A content strategy focused on making content easy to reuse and reducing the cost of localization — for a diagnostic device designed to save lives.
Background A patient lies on a table with a catheter threaded from her thigh to an artery near her heart. The diagnosis will determine whether a surgeon needs to open her chest...
Boston Scientific's intravascular untrasound catheter poses an unusual learning challenge for the technicians and cardiologists who use it. It's a highly specialized diagnostic device they need to use only infrequently — namely, when a cardiologist needs to confirm the diagnosis of a serious vascular condition. Both cardiologist and technician need to be confident that they know how to use the device correctly. They depend in part on the trainers who train them, the tech support reps who help them troubleshoot problems, and the field service reps who keep the device working. Everyone ultimately depends on the learning materials.
  Unfortunately, the existing materials were a hodge-podge of stuff no one had much good to say about.
  Boston Scientific needed a comprehensive strategy for its learning materials. They were smart, dedicated people who collectively understood how the device was used, what its unique value was, and what the obstacles were to learning it. The problem was that everyone individually saw only part of the problem — and one facet of the solution.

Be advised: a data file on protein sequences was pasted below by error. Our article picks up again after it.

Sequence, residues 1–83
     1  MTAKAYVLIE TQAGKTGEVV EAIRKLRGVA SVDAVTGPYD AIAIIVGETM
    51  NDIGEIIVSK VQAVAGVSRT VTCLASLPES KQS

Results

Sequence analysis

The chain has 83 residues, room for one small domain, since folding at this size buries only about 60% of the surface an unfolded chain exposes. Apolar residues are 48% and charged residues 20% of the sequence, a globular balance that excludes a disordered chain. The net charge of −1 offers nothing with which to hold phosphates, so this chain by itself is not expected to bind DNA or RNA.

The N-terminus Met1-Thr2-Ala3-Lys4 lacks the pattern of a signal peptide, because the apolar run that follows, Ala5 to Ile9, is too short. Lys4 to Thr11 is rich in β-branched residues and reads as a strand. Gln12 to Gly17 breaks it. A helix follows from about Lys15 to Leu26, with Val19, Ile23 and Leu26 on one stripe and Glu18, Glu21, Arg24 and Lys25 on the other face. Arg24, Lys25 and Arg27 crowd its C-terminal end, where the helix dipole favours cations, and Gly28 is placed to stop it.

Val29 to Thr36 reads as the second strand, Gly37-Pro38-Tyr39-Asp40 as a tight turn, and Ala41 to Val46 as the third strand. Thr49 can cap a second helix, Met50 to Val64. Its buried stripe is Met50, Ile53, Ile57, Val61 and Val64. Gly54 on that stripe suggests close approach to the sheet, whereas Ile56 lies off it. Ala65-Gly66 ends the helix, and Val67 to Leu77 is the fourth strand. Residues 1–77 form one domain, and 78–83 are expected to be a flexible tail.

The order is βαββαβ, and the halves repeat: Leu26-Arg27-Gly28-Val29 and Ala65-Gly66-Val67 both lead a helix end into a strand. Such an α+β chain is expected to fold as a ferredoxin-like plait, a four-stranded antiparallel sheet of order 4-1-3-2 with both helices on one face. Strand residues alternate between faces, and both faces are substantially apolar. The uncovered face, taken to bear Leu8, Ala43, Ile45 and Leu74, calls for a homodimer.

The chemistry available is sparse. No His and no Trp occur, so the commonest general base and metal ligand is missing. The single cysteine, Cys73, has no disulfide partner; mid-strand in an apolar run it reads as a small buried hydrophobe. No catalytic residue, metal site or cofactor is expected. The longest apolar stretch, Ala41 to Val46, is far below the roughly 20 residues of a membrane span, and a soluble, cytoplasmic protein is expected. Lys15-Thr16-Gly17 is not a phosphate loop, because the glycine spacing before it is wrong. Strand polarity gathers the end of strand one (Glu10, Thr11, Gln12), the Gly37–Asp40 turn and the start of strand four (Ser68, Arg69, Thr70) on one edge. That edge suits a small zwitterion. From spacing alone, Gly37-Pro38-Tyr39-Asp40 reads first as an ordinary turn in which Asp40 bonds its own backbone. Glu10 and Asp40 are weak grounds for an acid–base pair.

The Project Interviewed users (American and Japanese) and created user profiles. Assessed cultural differences. Created user profiles. I interviewed nearly twenty users — cardiologists, operators, and trainers, as well as field service, technical support, and sales reps — all of whom had overlapping needs for learning the intravascular ultrasound system (IVUS).
  Making the problem even more interesting was that the device is used worldwide in very different healthcare environments. I interviewed users in both the U.S. and Japan to assess cultural differences in those two key markets.
  From those interviews, I distilled in-depth profiles of the six target user groups.
  (Excerpt: operator persona, PDF, 125k; notice that the profile in front is followed by 11 pages of direct quotes from the interview subjects.)
  Analyzed tasks. Created workflows and user scenarios. I also analyzed the user interface of the IVUS device based on the use cases the engineers had developed. The engineers, as is fairly typical, treated the use cases as if they were all equal. There was no sense of which ones were essential from the users' perspective — from the engineers' viewpoint they all had to work equally well.
  So during my interviews, I asked each user what they saw as their most important tasks. I was then able to create detailed workflows that focused on the primary scenarios and included paths to the less important tasks.
  (Excerpt: workflow for a diagnostic run, PDF, 100k)
  Summarized findings. Proposed centralizing and reusing content. Three things were clear from the user interviews and the use-case analysis: